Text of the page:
Preventing hair tourniquet syndrome


As far as good babies go, I feel like MT and I really hit the jackpot.  Michael is just so unbelievably laid back, pleasant, and happy.



That’s why we were a little bit concerned when he got fussy and upset several times on Monday and Tuesday.  It was just really out of character.

Luckily, we had a previously scheduled appointment with Michael’s pediatrician yesterday for his two-month well visit, so I was able to ask if perhaps Michael was reacting poorly to his formula.

(He gets really gassy after eating which is why I thought the formula might be bothering him.)

Long story short, Michael is developing perfectly, gaining weight, growing, and isn’t allergic to his formula.  The doctor and I discussed some ways to alleviate the gas pains, and then he sent the nurse in to give Michael two (yes, two!) shots in his chubby little legs.



He handled the shots like a champ, but while I was holding him, I noticed that one of the toes on his right foot was swollen and red. It also had a piece of hair wrapped tightly around it.  When I removed the hair, it was clearly painful for Michael which broke my heart.

The nurse called our doctor back into the room, and he told me that this is a common issue that can turn into something more serious known as hair tourniquet syndrome.

Hair tourniquet syndrome is a clinical phenomenon that involves hair or thread becoming so tightly wrapped around an appendage that it results in pain, injury, and, sometimes, loss of the appendage. (source)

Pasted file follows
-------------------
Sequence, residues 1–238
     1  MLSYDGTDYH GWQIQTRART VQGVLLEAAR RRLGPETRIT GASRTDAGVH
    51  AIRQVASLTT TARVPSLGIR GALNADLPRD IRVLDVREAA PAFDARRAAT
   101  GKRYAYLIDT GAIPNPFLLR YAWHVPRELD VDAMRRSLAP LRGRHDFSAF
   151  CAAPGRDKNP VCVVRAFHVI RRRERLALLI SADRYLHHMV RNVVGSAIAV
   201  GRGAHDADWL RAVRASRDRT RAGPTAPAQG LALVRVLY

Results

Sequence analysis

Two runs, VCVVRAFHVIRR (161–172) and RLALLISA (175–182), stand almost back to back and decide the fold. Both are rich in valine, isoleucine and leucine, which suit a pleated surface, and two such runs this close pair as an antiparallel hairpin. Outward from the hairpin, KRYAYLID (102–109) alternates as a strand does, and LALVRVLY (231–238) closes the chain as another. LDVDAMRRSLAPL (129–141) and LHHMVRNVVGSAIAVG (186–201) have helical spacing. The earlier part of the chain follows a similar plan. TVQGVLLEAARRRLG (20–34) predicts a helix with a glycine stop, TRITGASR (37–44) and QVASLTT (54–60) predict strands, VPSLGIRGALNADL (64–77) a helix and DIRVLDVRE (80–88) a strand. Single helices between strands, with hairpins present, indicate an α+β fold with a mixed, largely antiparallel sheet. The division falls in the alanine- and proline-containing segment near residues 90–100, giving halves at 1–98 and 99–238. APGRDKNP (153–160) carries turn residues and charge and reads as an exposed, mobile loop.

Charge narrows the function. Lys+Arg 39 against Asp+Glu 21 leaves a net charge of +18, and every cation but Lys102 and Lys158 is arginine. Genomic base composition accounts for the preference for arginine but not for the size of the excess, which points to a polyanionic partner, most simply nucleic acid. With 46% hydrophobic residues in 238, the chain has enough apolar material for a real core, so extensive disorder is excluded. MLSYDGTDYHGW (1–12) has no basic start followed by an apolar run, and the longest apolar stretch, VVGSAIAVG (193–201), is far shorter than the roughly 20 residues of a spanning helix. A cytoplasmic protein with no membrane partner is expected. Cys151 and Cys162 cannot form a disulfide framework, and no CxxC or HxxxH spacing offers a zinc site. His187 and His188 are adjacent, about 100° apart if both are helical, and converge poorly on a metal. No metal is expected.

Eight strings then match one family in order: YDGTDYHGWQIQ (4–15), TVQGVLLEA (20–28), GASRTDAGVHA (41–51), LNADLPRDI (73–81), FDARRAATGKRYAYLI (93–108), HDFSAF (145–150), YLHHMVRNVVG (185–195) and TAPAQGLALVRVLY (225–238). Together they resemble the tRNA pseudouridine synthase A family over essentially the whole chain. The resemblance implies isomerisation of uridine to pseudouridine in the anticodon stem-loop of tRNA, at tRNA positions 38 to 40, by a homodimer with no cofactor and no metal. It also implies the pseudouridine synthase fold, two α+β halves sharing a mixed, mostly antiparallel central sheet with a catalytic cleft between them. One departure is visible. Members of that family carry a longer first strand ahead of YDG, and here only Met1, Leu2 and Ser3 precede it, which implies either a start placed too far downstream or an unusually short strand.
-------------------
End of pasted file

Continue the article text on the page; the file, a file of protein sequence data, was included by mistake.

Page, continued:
Even though the hair wasn’t wrapped around the toe for very long, I am still shocked that I didn’t notice it sooner.

I’m constantly pulling hair out of Michael’s fingers but never once saw any issues with his toes- not even while bathing him. Of course, the doctor told me not to feel badly about it since he didn’t even see it when he examined Michael.

I’m just so happy that I discovered the problem early on and that it didn’t turn into anything more extreme (unlike this case which illustrates with a pretty nasty looking photo).

The doctor told me to apply Neosporin to the toe and to call if it started to look worse.  He also said that the toe was probably the root of Michael’s uneasiness earlier in the week.

Thankfully, the toe already looks nearly 100% better after only one day of applying the ointment, and Michael is back to his normal happy self.

Even so, I’ve been keeping my hair tied back (because of some postpartum hair loss) and will probably be pretty paranoid for awhile, but that might not be such a bad thing.

If you have a baby of your own I hope that this post will serve as a reminder to check him or her thoroughly as well.

We have to protect those precious little fingers and toes!


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  1. Jenny O.

    OK, that hair thing was one of the things I was always paranoid about happened with the girls because it happened once with Katherine (pretty mild and caught it really early.) But whenever I would tell friends or new moms to be mindful of it I would get the ‘you’re so paranoid’ eye roll. So I stopped mentioning it. I’m so sorry it happened to Baby Michael. I have resolved to start telling people about it again. 🙂 (Also, he is the cutest, most photogenic baby ever. The end.)

    • Aw, thank you, Jenny! I won’t disagree with you. LOL.

      Definitely keep reminding people about this. It is absolutely a real thing!

      PS- Let’s get breakfast soon. 🙂

  2. I am glad to hear he is back to his happy self:) Great reminder for parents! I was always careful when clipping my nephews fingernails and toenails too. Hands and feet are where most infections take hold and thank goodness for ointment. Have a Great Day:)

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